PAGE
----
News>Predator training unit checks out at Holloman
HOLLOMAN AIR FORCE BASE, N.M. -- Staff Sgt. Clifford Ferrero, 432nd Maintenance Group, Detachment 1, marshals in an MQ-1 Predator after it lands here Sept. 10 from its first official flight out of the base. With the flight, the 432nd Wing, Detachment 5, reached initial operational capacity at Holloman. (U.S. Air Force photo by Senior Airman Michael Means)
HOLLOMAN AIR FORCE BASE, N.M. -- Staff Sgt. Clifford Ferrero, 432nd Maintenance Group, Detachment 1, inspects the MQ-1 Predator after it landed here Sept. 10 from its first official flight out of the base. With the flight, the 432nd Wing, Detachment 5, reached initial operational capacity at Holloman. (U.S. Air Force photo by Senior Airman Michael Means)
HOLLOMAN AIR FORCE BASE, N.M. -- Col. Kevin Robbins, 49th Fighter Wing vice commander, briefs a crowd of local media, distinguished visitors and members and their families of the 432nd Wing Detachment 5 here Sept. 10 after the MQ-1 Predator returned from its first official flight out of the base. With the flight, Detachment 5, reached initial operational capacity at Holloman. (U.S. Air Force photo by Senior Airman Michael Means)
HOLLOMAN AIR FORCE BASE, N.M. -- An MQ-1 Predator returns to the base after its first official flight Sept. 10. With the flight, the 432nd Wing, Detachment 5, reached initial operational capacity at Holloman. (U.S. Air Force photo by Senior Airman Michael Means)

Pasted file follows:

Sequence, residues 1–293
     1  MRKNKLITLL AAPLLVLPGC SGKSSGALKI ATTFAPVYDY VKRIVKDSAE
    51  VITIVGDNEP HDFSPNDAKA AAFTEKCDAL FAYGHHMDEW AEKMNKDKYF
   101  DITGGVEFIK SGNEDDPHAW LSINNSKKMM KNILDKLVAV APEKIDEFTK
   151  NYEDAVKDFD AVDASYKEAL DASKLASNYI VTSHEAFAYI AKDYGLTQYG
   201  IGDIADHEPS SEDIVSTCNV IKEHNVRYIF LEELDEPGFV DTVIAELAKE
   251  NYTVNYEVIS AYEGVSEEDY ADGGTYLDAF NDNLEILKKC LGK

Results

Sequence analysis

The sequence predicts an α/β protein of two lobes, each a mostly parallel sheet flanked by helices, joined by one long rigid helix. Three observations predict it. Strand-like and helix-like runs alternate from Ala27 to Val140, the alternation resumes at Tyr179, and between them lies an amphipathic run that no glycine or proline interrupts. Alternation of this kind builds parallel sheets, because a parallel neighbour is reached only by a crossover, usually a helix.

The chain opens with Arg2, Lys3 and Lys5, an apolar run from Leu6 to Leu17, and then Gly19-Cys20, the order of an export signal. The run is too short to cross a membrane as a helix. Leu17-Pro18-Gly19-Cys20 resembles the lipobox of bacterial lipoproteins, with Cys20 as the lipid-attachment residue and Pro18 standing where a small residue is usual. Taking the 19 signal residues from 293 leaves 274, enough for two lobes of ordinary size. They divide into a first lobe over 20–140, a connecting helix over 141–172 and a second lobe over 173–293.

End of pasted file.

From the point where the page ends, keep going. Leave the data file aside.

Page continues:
by Staff Sgt. Sanjay Allen
49th Fighter Wing Public Affairs
9/12/2009 - HOLLOMAN AIR FORCE BASE, N.M. -- The 432nd Wing, Detachment 5, reached initial operational capacity with the MQ-1 Predator here Sept. 10 after the 432nd Wing at Creech AFB, Nev., and the 49th Fighter Wing completed all the testing and requirements needed to fly at Holloman.
Until recently, the 432nd Wing was the only MQ-1 formal training unit location. Base support limitations at Creech made it impossible to expand the training capacity to keep up with planned weapons system growth. The new formal training unit at Holloman will provide the increased training capacity at a base well-equipped to support additional training activities. Ultimately, all MQ-1 and MQ-9 Reaper training will take place here by fiscal year 2012.
"It's really all that's important," said Col. Greg Christ, 432nd Wing, Creech AFB vice commander. "The training mission coming to Holloman allows Creech to concentrate on the war and Holloman to concentrate on training.
"In the long term, it's going to create a lot more pilots and sensor operators than we would have had at Creech," said Colonel Christ. "When we separate them we're both able to do them better."
Lt. Col. Ryan Sherwood, Detachment 5 commander, also talked about the push to get more combat air patrols, or CAPs, in the skies of the areas of responsibility to support the joint forces on the ground.
Colonel Sherwood explained that there was an interest in getting more training for more pilots and more sensor operators out there to the combat Air Forces. And the only way to do that was to increase our capability.
"We're immediately able to train more pilots and sensors," he added. "Combat commanders are requiring more CAPS and they need them yesterday, so we want to be able to increase that pipeline of students to get them to the fight as quickly as we can."
Moving the training to Holloman means there will be more people assigned to the base and more people transitioning through the base.